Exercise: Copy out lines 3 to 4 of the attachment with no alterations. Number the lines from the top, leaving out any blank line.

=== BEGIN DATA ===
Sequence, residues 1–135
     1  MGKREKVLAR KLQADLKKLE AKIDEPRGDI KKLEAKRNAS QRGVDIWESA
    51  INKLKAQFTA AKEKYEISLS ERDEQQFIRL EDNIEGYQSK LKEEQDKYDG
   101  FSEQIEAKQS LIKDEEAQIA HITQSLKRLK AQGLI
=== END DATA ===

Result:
    51  INKLKAQFTA AKEKYEISLS ERDEQQFIRL EDNIEGYQSK LKEEQDKYDG
   101  FSEQIEAKQS LIKDEEAQIA HITQSLKRLK AQGLI